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Self-control, delayed gratification, grit, curiosity and character have huge implications on how children succeed.

October 14, 2015

 

The Stanford marshmallow test was a series of studies on delayed gratification in the late 1960s and early 1970s. In these studies, a child was offered a choice between one small reward provided immediately or two small rewards if they waited for a short period, approximately 15 minutes, during which the tester left the room and then returned.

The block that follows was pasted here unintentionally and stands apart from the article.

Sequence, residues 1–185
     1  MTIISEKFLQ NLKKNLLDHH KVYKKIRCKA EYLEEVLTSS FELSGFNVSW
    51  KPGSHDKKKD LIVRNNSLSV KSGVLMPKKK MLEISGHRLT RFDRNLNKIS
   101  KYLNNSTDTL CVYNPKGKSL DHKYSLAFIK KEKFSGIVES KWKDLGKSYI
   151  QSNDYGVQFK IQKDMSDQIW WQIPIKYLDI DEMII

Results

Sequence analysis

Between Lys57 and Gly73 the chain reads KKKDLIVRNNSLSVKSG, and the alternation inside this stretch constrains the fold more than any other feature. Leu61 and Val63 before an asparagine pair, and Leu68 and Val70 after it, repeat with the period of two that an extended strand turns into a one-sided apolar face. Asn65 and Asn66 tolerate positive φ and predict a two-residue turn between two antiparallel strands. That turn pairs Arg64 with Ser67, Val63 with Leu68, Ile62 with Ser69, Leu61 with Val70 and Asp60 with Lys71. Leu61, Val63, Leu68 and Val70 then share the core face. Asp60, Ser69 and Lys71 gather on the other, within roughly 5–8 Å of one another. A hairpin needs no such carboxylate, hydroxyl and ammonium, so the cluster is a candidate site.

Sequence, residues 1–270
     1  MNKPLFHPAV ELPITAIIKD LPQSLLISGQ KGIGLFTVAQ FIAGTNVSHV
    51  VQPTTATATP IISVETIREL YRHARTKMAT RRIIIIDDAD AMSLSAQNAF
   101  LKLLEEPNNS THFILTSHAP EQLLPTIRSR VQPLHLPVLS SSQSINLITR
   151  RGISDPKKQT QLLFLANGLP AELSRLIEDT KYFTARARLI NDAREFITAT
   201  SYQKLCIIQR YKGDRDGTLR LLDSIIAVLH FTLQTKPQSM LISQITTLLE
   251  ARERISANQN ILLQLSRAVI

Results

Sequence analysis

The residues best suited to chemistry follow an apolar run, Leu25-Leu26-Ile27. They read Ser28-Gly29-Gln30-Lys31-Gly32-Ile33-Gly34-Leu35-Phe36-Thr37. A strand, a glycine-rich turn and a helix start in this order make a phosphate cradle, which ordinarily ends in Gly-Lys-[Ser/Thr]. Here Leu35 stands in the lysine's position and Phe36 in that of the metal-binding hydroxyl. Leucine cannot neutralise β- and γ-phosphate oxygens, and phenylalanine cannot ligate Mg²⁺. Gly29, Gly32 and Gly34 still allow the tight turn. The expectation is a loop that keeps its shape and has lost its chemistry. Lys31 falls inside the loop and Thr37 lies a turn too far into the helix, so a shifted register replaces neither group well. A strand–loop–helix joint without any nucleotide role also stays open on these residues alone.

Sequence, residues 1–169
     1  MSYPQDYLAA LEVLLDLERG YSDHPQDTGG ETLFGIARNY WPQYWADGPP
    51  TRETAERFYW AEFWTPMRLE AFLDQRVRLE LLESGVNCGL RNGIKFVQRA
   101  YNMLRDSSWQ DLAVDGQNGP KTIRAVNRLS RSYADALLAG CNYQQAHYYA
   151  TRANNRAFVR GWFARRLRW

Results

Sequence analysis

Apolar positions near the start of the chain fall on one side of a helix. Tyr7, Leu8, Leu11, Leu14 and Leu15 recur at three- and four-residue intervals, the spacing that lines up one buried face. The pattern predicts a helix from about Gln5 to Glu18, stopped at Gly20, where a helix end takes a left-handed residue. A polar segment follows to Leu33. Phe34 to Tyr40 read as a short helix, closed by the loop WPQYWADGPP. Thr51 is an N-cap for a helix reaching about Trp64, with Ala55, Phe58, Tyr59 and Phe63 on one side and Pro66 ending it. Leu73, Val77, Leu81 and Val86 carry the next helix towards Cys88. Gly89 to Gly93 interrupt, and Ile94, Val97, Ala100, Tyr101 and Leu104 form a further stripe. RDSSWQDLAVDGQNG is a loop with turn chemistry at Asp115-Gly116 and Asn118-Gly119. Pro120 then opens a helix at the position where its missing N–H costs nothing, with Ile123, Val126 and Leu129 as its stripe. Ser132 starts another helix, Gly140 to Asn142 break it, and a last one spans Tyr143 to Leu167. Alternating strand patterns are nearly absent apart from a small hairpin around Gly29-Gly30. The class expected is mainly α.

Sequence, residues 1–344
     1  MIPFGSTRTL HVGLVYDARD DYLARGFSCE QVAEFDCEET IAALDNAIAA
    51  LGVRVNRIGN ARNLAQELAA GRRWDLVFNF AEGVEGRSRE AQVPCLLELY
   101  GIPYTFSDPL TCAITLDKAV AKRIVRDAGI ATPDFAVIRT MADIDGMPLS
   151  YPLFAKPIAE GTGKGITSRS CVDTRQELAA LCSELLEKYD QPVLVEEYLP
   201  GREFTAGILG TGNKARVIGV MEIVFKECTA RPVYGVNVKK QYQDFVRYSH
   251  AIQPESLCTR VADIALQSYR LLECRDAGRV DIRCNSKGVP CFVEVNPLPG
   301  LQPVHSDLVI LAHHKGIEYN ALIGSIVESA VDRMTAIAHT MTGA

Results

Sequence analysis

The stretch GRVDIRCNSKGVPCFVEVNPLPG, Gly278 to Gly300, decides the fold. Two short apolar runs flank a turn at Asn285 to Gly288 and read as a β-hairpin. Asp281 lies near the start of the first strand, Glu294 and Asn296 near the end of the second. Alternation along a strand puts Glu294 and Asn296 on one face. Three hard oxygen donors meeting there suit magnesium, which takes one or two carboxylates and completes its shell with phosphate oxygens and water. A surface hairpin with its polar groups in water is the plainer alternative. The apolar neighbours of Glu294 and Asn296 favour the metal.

The shocking significance was in the follow-up studies following these children into adulthood.The researchers found that children who were able to wait longer for the preferred rewards tended to have better life outcomes, as measured by SAT scores, educational attainment, body mass index (BMI), and other life measures.

 

 

 

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